Skip to main content
Donate Now

TikTok Videos Reveal Tiny Bugs Living In Strawberries

Email share

PHILADELPHIA, Pa. (WLVT) - Viral TikTok videos dubbed the ''Strawberry Challenge’’ have some consumers squirming.

Tik-tokkers have been submerging strawberries into a bowl of saltwater. Thirty minutes later, tiny bugs can be seen crawling out from inside the fruit.

''I looked at a couple of the videos on TikTok and there are a variety of insects, some appear to be fly larvae,'' said Michael Skvarla, entomologist and assistant research professor at Penn State University. ''They’re probably vinegar flies or fruit flies. Others are aphids and other plant-feeding insects.''

Skvarla says most fresh market produce contains some amount of insects. Some of the tiny bugs that TikTok users discovered are actually the maggots of a fly known as the spotted wing drosophila.

''Some of the insects are spotted wing drosophila larvae, an invasive fly species from East Asia. They attack ripening or just over-ripe fruit,'' explained Skvarla. ''They cut into the fruit and to lay their eggs inside the fruit, so it’s very hard to see if there are larvae inside the fruit.''

He says the flies are attracted to fruits like strawberries, blueberries and raspberries.

''Once the larvae are inside, you can’t really spray a pesticide and kill it, they’re protected by the fruit. Controlling them comes down to controlling the adults and trying to keep them out of the fields,'' said Skvarla.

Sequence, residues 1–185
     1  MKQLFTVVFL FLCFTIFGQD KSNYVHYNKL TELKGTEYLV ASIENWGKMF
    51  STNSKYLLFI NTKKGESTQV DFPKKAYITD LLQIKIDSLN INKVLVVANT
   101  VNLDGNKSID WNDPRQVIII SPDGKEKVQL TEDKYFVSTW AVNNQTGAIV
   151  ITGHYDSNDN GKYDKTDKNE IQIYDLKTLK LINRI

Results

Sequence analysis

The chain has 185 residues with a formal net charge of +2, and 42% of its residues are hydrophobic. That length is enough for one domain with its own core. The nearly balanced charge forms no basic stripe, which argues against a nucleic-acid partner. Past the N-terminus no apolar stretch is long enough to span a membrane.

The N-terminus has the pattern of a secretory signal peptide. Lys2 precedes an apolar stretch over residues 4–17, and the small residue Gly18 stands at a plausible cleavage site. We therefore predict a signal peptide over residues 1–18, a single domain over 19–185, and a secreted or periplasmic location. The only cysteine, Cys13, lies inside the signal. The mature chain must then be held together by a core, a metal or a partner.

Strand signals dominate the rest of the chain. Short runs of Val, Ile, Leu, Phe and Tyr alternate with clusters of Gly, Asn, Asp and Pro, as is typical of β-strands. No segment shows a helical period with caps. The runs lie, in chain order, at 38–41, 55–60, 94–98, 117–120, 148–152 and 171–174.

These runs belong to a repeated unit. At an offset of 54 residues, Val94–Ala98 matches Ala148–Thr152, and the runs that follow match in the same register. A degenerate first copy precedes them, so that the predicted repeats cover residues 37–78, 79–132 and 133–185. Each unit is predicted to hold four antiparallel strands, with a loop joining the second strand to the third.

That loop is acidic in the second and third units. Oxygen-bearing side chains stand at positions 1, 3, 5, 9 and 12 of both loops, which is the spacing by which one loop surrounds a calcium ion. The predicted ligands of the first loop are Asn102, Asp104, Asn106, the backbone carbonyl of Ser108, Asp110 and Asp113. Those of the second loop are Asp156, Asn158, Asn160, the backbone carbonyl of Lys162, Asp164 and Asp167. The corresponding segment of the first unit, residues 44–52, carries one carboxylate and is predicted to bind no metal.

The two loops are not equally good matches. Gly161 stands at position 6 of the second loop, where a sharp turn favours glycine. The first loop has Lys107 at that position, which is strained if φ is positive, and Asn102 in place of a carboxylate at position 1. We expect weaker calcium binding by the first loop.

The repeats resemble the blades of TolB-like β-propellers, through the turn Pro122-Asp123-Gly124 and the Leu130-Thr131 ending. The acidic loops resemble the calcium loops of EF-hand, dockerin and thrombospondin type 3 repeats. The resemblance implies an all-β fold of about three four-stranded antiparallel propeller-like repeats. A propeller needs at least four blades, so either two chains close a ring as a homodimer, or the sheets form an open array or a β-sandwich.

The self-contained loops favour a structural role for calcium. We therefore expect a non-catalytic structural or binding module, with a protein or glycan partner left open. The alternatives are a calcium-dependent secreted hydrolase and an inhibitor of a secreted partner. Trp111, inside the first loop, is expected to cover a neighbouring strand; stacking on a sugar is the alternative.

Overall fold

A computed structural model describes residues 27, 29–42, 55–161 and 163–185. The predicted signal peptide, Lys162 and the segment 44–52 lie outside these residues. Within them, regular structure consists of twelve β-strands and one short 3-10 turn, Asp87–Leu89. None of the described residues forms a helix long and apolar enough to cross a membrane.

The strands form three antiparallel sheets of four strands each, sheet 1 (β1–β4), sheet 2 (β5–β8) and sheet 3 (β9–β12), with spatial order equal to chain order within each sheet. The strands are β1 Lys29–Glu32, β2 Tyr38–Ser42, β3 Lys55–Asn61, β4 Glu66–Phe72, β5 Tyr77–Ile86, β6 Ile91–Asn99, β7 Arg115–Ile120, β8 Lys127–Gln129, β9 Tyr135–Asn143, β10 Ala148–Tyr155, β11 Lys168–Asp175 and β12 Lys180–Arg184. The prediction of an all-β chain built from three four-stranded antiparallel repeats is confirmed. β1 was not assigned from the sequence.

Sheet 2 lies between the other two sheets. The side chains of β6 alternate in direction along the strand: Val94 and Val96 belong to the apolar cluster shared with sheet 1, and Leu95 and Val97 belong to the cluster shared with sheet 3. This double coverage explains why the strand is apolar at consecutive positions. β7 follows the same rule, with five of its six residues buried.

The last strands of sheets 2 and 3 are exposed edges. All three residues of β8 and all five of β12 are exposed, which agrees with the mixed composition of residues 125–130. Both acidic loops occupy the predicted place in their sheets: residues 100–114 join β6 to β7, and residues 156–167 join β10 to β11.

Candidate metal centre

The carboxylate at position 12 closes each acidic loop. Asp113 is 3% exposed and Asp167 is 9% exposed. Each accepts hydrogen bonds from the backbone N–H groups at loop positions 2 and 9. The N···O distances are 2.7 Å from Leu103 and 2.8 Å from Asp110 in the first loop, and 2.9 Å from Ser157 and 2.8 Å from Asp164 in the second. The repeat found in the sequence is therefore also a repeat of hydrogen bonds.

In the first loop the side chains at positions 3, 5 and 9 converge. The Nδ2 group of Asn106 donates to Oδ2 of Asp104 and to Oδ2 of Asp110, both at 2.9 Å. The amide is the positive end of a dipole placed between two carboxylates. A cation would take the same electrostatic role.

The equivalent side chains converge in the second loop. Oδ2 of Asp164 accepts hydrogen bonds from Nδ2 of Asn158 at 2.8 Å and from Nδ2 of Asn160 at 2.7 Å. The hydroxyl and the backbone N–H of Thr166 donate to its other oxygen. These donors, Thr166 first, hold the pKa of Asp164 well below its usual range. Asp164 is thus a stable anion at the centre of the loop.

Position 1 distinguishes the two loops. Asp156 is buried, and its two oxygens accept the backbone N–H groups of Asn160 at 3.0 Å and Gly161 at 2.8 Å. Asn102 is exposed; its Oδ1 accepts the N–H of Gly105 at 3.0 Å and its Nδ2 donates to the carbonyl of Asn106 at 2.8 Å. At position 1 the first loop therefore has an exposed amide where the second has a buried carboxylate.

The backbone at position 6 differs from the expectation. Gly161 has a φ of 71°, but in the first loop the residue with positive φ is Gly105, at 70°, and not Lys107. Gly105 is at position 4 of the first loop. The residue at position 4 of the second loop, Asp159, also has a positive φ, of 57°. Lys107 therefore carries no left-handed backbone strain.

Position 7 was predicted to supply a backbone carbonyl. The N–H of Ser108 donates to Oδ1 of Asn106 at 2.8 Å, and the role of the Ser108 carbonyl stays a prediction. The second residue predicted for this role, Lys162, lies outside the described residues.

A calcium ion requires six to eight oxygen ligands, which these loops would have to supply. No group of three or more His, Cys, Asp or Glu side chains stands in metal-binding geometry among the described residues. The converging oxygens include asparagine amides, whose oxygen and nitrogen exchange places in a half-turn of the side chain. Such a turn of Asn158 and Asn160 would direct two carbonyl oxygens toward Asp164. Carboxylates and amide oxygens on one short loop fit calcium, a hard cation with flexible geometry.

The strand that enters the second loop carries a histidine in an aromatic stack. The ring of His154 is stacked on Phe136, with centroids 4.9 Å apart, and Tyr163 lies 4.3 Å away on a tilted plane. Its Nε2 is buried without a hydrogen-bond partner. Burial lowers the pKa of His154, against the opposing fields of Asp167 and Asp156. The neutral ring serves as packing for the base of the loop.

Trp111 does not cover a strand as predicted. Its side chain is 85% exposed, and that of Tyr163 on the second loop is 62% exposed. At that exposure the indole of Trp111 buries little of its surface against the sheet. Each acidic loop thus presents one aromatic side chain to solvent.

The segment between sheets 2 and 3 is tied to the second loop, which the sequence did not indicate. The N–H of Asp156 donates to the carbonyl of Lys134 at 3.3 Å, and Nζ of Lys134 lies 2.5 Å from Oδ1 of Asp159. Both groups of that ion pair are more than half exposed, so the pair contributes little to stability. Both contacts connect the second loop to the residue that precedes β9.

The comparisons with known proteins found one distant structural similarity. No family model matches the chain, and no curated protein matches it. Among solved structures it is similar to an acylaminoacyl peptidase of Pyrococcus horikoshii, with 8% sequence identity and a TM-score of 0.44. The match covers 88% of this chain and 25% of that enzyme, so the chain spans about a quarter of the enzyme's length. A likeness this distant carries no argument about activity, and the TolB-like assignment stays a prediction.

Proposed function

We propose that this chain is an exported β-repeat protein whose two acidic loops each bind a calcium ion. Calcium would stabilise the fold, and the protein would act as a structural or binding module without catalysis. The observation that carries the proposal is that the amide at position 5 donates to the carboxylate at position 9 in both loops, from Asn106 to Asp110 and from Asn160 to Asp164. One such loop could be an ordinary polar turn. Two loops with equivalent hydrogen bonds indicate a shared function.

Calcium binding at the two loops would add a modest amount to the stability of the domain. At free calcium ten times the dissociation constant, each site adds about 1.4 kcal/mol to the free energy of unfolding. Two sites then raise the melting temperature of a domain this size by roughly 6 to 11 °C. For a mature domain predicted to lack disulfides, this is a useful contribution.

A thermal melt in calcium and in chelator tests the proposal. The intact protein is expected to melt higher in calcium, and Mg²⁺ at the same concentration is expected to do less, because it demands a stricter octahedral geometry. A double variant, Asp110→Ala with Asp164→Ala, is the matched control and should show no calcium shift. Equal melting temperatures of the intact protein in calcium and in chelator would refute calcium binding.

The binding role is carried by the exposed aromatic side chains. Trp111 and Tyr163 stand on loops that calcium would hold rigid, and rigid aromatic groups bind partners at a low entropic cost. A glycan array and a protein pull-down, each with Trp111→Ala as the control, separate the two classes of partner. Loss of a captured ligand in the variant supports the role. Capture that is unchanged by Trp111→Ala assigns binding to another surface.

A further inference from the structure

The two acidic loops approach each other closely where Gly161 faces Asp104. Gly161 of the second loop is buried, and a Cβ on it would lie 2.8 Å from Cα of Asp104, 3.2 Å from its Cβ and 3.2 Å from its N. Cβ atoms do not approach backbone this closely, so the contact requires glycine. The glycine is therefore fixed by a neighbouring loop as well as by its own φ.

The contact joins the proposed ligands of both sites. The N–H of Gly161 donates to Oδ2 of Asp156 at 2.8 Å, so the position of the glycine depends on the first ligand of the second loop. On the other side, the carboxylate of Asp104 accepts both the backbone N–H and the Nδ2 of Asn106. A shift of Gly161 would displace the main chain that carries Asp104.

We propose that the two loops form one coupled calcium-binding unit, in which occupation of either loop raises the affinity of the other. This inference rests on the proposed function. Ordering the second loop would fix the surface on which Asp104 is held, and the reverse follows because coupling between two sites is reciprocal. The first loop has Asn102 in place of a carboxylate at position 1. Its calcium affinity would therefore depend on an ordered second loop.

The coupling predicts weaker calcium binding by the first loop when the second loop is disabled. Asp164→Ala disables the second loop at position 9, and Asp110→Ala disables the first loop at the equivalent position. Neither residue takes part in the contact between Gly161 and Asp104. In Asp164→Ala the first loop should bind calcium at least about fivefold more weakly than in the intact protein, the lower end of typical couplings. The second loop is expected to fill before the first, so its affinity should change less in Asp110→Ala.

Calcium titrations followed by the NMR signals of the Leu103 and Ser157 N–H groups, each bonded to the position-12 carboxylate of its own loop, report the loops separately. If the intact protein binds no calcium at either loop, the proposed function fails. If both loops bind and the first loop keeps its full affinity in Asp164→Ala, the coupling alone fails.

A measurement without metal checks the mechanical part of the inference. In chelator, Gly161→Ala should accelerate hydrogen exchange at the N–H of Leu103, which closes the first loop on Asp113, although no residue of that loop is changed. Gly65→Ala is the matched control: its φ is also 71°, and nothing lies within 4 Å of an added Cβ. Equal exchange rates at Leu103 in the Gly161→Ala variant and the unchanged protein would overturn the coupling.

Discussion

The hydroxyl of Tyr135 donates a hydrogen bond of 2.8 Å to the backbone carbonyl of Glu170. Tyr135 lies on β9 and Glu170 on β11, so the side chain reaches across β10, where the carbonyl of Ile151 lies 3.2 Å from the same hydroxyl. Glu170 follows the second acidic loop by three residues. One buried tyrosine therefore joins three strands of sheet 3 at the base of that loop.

According to the Food and Drug Administration, some insect larvae are considered ‘’unavoidable defects’’ in certain fruit and vegetable products.

''Inevitably, you’re going to find bugs on produce, just from the nature in which it grows, on the ground and in the trees, all environments where insects exist,'' Stefanie Smith, chief of food safety policy and programs at the Pennsylvania Department of Agriculture told PBS39. ''Digesting them is not harmful to us.''

She explained that the FDA has contamination guidelines for each type of food.

Insects called aphids are notorious for infesting broccoli crops, and the FDA allows up to 60 of the creatures per 100 grams of frozen broccoli. A 14.5 ounce can of tomatoes is permitted no more than eight fly eggs or one maggot. Spinach can have up to 50 insects or mites per 100 grams.

''We regulate all produce farms to make sure that the food is safe and meets FDA standards. There’s a stigma now, because of the videos circulating, but you should not be alarmed,'' said Smith, who also suggests rinsing all produce with water before you eat it. ''It is not going to harm you if you ingest one of these bugs.''

So, for now, you may just want to think of it as adding more protein into your diet.

PBS39 News Reports